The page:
Washington: Nuclear threats and climate change pose strong threats to the planet and a symbolic “doomsday” clock will stay at three minutes to midnight, the Bulletin of the Atomic Scientists said Tuesday.
The clock serves as a metaphor for how close humanity is to destroying the planet, and was most recently moved closer to midnight in 2015.
Global warming, terrorism, nuclear tensions between the United States and Russia, concerns over North Korean weapons, tensions between Pakistan and India, and cyber threats remain destabilizing influences, said Lawrence Krauss, a cosmologist and professor at Arizona State University.
The decision not to change the clock since 2015 is “not good news,” he told reporters.
Despite some positive news last year, including the Iran nuclear agreement and the Paris climate talks, experts expressed concern that global nuclear arsenals are growing and anti-pollution pledges lack teeth.
“The fight against climate change has barely begun, and it is unclear if the nations of the world are ready to make the many hard choices that will be necessary to stabilize the climate and avert possible environmental disasters,” said Krauss.
The decision to move the clock or not is led by the a group of scientists and intellectuals, including 16 Nobel Laureates.
The Doomsday Clock was created in 1947. It has changed 18 times since then, ranging from two minutes to midnight in 1953 to 17 minutes before midnight in 1991.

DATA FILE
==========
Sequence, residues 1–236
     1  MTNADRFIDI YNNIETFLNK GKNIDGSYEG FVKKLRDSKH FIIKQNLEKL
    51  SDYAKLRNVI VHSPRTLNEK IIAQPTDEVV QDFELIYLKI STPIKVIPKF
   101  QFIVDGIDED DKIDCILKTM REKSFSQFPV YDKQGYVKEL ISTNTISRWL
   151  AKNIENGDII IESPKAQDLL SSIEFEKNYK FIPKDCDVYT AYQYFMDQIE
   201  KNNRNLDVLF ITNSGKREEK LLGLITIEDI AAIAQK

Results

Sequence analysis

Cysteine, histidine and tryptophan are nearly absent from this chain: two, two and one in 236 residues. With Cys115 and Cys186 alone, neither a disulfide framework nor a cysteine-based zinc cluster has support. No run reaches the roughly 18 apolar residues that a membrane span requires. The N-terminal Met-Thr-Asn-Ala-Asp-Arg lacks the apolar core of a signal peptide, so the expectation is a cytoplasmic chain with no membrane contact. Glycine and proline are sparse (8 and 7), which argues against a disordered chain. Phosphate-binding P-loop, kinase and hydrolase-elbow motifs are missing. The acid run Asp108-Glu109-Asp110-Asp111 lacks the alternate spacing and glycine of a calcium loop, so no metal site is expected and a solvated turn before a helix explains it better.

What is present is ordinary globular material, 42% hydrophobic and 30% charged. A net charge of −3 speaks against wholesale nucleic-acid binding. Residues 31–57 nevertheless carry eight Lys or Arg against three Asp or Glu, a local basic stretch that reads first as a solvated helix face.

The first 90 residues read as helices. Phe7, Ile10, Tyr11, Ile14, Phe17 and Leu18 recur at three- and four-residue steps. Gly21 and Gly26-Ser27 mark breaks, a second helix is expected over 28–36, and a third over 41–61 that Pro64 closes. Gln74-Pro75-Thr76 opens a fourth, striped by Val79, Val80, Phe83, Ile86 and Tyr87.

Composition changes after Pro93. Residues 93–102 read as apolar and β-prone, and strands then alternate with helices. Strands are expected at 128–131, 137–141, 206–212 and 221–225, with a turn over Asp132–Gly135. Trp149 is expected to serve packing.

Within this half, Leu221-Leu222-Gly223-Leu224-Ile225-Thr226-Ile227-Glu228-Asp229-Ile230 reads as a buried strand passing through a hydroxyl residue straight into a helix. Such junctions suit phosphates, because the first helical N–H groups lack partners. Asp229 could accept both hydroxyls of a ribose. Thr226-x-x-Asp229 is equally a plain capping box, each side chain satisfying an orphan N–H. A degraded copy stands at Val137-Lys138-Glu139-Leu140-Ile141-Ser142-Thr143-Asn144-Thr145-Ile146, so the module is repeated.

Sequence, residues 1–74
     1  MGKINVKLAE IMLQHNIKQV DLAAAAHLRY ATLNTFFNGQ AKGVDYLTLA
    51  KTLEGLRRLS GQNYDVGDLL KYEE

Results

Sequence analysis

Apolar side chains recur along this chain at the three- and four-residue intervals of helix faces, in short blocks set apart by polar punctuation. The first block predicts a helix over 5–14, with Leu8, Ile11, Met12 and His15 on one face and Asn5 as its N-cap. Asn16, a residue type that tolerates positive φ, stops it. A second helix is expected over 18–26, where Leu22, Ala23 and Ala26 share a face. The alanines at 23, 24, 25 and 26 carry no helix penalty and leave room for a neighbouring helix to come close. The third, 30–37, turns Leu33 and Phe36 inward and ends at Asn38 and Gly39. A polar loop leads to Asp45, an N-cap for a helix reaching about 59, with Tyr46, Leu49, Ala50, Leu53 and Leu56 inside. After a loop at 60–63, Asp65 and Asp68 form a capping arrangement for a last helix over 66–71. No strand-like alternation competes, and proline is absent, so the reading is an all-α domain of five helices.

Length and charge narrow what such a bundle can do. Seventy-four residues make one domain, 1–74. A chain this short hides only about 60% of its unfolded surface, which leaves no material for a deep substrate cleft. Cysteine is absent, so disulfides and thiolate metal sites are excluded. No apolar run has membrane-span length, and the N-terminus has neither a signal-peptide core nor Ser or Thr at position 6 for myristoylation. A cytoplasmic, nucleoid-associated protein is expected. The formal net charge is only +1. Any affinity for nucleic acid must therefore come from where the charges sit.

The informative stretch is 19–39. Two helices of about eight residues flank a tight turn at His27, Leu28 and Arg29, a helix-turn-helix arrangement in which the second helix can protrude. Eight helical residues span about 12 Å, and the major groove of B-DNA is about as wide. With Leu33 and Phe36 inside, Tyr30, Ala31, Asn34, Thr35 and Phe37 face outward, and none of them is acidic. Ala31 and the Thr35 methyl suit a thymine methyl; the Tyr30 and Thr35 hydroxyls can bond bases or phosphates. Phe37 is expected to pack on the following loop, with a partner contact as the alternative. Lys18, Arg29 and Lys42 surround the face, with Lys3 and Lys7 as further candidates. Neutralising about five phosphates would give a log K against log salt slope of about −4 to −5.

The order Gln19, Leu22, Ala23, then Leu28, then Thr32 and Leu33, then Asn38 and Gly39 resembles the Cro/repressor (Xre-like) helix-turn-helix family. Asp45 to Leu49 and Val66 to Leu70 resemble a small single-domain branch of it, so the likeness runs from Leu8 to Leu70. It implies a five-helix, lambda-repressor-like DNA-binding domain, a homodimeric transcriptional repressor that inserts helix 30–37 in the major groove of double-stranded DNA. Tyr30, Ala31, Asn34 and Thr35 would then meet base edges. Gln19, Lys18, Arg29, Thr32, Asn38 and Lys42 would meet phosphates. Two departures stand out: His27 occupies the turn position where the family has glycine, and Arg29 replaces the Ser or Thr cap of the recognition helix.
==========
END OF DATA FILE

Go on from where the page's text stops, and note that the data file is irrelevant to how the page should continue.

The last time it was three minutes to midnight was in 1983, when the Cold War between the United States and the Soviet Union was at its peak.
Some key dates in the clock’s nearly 70-year history:
1953 — The clock comes the closest it ever has to midnight — just two minutes away — after the US and Soviet Union test hydrogen bombs. “The hands of the Clock of Doom have moved again,” the Bulletin announces. “Only a few more swings of the pendulum, and, from Moscow to Chicago, atomic explosions will strike midnight for Western civilization.”
1981 — The clock moves to four minutes-to-midnight after the Soviet Union invades Afghanistan and US President Jimmy Carter pulls the US from the Olympics in Moscow.
1991 — The clock drops to 17 minutes-to-midnight as the Cold War officially ends and the US and Russia begin making deep cuts to their nuclear arsenals. “The illusion that tens of thousands of nuclear weapons are a guarantor of national security has been stripped away,” the Bulletin says.
1998— The clock moves to nine minutes-to-midnight after India and Pakistan stage nuclear weapons tests.
2015 — The clock moves to three minutes-to-midnight. The bulletin cites “unchecked climate change, global nuclear weapons modernizations, and outsized nuclear weapons arsenals” that pose “extraordinary and undeniable threats to the continued existence of humanity.”